When the government’s Entry Level Scheme was first announced it seemed to have few attractions for Ben Atkinson.

It would involve taking too much fertile land out of production, he believed.

But a random joint Rural Payments and Environment Agencies’ inspection, eventually postponed in January, persuaded him to think again.

And a recent visit to Denmark convinced him that it is the right move for Rippingale Farms, even though it will involve sacrificing crop output.

The aim is to include all 2590ha (6400 acres) the family runs, but because of mapping delays his first application, for about 10% of that, went in only at the start of the month.

“The scheme won’t make us better off financially.

But it ticks a lot of other boxes, which is our main reason for entering,” says Mr Atkinson.

“It gets round the problem of LERAPs by putting margins round all our watercourses.

That will simplify spraying and save us going back round headlands with different mixtures.”

There are plenty of dykes and ditches, but few trees or hedges on the fenland unit.

So most of his qualifying points must come from buffer strips and grassed field margins.

“Our first ELS farm doesn’t have any trees or hedges on it at all.”

Less frequent ditch maintenance is bringing some points.

But, with the farm near sea level, the main watercourses must be kept clear, stresses Mr Atkinson.

The 4m and 6m grass margins should make it easier to comply with GAEC and other cross-compliance issues by extending the windows for hedge cutting and ditch maintenance, he says.

Advice on where best to place some of the other grassed areas, for example field corners, to enhance wildlife benefits came from Faye Chester of Brown & Co, a former FWAG adviser.

The ELS over-wintered stubble option is a non-starter now that the farm has an all autumn-sown rotation.

“Going back to, say, peas for the sake of over-wintered stubbles is not on financially.”

The farm’s Soil and Nutrient Management Plans had already been drawn up with the help of Masstock agronomist Fiona Spires.

“We had also done a Crop Protection Management Plan previously, which we have tweaked a bit,” says Mr Atkinson, who is chairman of the 20-strong Millennium Farmers Club.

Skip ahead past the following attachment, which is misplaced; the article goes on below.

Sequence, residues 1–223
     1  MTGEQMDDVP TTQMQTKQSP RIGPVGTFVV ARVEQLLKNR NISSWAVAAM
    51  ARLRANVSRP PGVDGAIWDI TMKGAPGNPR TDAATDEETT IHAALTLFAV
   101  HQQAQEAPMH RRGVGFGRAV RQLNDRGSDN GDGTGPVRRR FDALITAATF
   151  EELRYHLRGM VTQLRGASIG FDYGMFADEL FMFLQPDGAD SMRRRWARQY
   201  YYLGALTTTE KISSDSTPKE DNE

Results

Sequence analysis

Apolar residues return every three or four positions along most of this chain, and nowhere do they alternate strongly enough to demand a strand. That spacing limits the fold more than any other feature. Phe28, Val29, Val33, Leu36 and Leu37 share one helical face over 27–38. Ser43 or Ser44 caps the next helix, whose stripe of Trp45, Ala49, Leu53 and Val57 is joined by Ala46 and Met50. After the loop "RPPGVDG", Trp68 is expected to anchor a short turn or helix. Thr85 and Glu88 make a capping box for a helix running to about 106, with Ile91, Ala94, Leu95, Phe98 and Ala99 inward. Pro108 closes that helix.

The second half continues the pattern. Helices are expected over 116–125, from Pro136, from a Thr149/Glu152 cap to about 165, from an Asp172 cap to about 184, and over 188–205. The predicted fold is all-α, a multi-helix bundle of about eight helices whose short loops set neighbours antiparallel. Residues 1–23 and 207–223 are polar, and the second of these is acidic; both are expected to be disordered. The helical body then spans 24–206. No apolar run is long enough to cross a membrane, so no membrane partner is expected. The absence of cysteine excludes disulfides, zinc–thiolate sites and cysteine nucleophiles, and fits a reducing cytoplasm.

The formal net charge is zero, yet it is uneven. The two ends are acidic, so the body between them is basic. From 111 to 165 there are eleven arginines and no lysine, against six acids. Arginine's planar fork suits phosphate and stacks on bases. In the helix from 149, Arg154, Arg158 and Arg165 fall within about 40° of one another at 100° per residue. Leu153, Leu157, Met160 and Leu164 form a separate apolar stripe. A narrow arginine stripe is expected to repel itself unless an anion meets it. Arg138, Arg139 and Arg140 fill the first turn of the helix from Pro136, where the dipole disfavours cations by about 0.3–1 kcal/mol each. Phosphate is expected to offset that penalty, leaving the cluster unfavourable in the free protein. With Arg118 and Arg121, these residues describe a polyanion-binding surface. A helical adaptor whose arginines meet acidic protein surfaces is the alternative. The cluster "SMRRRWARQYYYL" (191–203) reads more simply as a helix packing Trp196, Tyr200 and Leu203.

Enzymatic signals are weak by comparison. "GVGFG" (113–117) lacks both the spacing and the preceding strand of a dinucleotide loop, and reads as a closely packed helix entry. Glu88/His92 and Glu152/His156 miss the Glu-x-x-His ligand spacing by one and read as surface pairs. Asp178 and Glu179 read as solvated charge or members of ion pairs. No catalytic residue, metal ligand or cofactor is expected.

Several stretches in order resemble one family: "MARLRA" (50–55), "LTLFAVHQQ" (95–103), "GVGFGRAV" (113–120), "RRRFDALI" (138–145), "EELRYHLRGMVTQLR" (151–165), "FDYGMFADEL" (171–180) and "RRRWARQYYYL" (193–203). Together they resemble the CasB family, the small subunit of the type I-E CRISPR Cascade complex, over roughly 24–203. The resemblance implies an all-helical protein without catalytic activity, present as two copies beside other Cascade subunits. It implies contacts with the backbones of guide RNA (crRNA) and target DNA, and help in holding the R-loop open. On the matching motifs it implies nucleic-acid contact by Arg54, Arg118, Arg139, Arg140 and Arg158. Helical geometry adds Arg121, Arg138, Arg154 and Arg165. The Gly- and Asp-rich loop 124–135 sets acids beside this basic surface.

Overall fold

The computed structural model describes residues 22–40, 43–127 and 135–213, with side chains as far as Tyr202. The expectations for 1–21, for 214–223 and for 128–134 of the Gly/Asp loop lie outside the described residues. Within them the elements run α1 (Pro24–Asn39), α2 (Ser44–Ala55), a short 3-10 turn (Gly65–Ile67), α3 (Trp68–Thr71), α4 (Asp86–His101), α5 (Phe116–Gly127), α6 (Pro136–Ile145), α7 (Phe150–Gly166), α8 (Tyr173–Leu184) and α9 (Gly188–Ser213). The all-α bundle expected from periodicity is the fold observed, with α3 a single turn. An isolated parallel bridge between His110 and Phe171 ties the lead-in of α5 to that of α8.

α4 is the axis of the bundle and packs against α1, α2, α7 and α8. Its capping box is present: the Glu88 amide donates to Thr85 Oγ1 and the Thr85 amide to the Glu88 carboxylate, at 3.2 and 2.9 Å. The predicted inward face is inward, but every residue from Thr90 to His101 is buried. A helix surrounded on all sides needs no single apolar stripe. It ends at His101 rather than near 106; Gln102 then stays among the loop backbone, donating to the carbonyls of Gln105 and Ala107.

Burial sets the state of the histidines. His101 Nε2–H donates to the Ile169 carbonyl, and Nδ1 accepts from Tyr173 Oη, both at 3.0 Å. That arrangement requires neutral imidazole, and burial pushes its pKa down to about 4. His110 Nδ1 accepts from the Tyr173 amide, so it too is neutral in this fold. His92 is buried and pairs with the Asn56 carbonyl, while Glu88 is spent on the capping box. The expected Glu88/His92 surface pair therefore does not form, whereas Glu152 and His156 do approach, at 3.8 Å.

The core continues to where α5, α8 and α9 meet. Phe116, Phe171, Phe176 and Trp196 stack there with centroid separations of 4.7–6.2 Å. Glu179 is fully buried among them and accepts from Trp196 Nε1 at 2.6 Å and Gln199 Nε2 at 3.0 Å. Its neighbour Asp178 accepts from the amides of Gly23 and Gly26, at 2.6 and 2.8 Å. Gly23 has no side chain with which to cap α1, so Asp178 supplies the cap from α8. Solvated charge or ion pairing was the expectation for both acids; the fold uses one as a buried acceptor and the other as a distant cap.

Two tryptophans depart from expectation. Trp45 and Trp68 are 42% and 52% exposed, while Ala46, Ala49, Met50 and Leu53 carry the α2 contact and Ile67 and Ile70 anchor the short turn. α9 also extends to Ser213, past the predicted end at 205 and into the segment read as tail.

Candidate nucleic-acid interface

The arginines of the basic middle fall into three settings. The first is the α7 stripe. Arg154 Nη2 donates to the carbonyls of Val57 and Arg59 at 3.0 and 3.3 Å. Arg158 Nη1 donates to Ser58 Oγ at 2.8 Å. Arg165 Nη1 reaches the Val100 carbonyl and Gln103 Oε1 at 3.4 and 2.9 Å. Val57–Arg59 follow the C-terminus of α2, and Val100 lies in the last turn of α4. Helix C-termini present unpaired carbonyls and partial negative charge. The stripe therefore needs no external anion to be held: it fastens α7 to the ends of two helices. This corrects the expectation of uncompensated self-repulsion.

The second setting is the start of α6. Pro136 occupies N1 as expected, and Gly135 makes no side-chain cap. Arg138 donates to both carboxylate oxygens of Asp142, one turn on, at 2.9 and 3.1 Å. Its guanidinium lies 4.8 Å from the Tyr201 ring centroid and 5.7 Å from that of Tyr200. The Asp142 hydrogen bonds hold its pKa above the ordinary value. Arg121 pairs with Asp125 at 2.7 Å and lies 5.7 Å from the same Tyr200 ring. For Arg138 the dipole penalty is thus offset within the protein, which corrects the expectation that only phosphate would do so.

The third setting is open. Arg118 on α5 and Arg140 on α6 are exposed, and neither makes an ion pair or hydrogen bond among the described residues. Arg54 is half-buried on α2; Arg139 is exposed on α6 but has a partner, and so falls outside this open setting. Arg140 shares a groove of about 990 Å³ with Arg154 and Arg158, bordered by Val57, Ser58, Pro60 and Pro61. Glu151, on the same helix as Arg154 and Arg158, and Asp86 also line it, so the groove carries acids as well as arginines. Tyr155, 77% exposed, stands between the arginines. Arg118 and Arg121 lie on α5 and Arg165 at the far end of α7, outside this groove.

The club’s recent BASF-organised trip to Denmark reinforced his view that entering the ELS to be seen to be co-operating with the authorities and staying on side with the public makes sense.

“I thought we had it bad until we learned about the Danes’ nitrogen and pesticide regulations and tax.”

Danish farmers’ use of nitrogen is capped well below the UK’s RB209 levels, he notes.

So their yields and quality have suffered. “It’s nearly impossible to achieve milling quality wheat.

They are also cursed with a tax on pesticides and have a limitation on their use.”

They have few blackgrass or wild oat infestations and the country’s climate eases disease pressure, he adds.

“They have no real resistance problems and yet they still find their limit of two full doses of pesticide per crop difficult.

Such restrictions would crucify British farmers.”

The UK government must realise that not all the increased nitrate in water comes from fertiliser, says Mr Atkinson.

Levels began rising after the World War 2 ploughing-up campaign, he points out.

“We need to promote sensible use of nitrogen and support cross compliance, etc, to avoid any form of capping.

And we must make every effort to avoid a pesticides tax by continuing to support schemes like the ELS and VI.

“They are a whole lot better than the alternatives that the Danes have to put up with.”

andrew.blake@rbi.co.uk